Perhaps - as with art & science - mind and heart are inseparable, in much the same way the energy centres in the body are one system, each part having its specific and essential role to play in the healthy functioning of the whole? On their own, each centre may be remarkable, but how much more so when they're acting in synch with their companion parts?

    Can knowing equal not knowing, I wonder? Not knowing can - as you so astutely sugest - lead us leads us into the realm of the unexpected (wherever it is located - heart & mind?) and it is there and then that we are surprised, astonished, awed - and further opened?

    Do you sometimes wonder how it is we came to be so separated out from our instinctual knowing? From intuition, impulse and telepathy? Once upon a time those understandings seemed inherent, but somewhere along the way we seem to have lost our connection to this part of ourselves? One great gift that is surely emerging out of our global disarray is a reconnection to this part of ourselves; as individuals as well as as communities within communities. I don't think I'm making this up, am I? I really do think we are in an accelerated recovery mode where the primary impulse now is towards healing, reconciliation, restoration. (Apologies if I am waffling. . . this is coming up unexpectedly in the moment).

    Perhaps it is in deferring to greater wisdom that 'real' contact and connection becomes possible?

    Love and thanks, Claire x

  11. Antares Cryptos - do you mean we are surrounded by the astonishing? To be, to think, to see, to perceive. . . all of it forms an arc, an arch, a mighty shade tree? Yes, I think so, too.

    (I love the image of a camouflaged falcon fledgeling - the attention required to notice it's there. . . ). Thanks, AC ; )

  12. Dear John - we are building a puzzle here, each of us adding another essential piece. What I understand you to be saying is that 'it' (the astonishing, the shocking, the abhorrent, the marvelous - i.e the entire spectrum/all the ingredients) is not out there/in the other/beyond reach/elsewhere . . . but in here/embedded/reliable/within reach/present and available? All we have to do is reach in and recognize it? Perhaps I'm being a little simplistic here - this is too vast a subject to synthesize in a comments box. Suffice to say, as always, you get us thinking outside the square. Thanks for that, JG. L< C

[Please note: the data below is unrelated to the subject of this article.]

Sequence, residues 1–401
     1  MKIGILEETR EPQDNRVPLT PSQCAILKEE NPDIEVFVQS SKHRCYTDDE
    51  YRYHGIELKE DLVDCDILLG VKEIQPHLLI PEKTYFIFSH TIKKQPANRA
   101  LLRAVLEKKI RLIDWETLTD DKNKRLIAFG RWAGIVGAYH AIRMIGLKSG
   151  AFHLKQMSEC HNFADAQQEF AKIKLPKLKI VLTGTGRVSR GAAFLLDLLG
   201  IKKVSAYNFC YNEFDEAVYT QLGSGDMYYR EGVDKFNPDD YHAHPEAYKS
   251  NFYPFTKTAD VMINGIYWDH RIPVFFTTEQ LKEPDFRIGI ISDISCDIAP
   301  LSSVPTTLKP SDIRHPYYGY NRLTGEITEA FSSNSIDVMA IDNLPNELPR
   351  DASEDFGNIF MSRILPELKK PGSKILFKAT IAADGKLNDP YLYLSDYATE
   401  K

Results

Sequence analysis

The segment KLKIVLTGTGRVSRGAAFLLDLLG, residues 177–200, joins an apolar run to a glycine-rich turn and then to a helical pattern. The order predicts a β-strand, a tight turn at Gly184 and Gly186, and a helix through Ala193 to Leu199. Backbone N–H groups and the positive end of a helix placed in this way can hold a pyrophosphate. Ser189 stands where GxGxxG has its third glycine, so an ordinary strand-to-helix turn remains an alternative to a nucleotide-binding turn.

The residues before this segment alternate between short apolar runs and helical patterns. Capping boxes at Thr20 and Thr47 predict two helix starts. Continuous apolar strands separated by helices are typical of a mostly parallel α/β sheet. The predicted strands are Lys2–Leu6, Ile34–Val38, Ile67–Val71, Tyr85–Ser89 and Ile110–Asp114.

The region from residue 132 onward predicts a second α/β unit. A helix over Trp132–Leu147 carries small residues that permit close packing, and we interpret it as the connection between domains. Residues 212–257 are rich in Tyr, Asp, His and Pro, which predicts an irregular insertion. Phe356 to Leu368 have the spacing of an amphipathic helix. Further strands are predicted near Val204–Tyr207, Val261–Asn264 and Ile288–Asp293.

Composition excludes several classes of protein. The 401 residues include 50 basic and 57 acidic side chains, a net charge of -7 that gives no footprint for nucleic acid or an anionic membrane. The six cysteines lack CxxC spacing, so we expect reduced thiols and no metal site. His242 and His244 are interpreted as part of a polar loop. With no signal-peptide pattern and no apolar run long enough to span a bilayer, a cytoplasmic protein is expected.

13. Dear T - the right things find us as the right time, don't they? I remember feeling exactly this when you posted Theodore Roethke's 'The Waking' some months ago - and your FB photograph of the rainbow escorting you across the bridge towards home had the same effect the day I saw it. (I really needed to be reminded of rainbows that day), so thank you, too. L, C xo

  14. Dear Claire, Be back tomorrow. )O( xo

  15. Astonishing photographs. I'm not capable of surmising what it means or if its meaning can or should be arrived at as a piece of driftwood or a beautiful care worn rock.

  16. The balance of heart and mind, with each contributing its essential best, includes, for me, a continual state of surrendering all that I can't control or answer or sometimes understand. Letting go is my gateway to surprise; expectations, as I hold them, are inflexible things and generally bring disappointment. I think both heart and mind experience, absorb and process the astonishing, the miraculous, the result of deferring to a greater wisdom.

    I stopped trusting intuition - which I might have done anyway as part of the collective - when, as I child, I was told continually that my perceptions were wrong. Reclaiming it is an ongoing task. And no, you are not making this up, or if you are, so am I. There is accelerated recovery, of ourselves, of what we truly value; who was it that told us nothing is ever really lost? xo

  17. Claire, sudden wonder, amazement...from the microcosm to the macrocosm = "astonished".

    That we have evolved to perceive beauty, that nature fills niches, that our organs "work" 24/7 and repair themselves, that our planet has won the most improbable number of lotteries, that we connect........the list of astonishing and amazing seems endless. I know, you get it.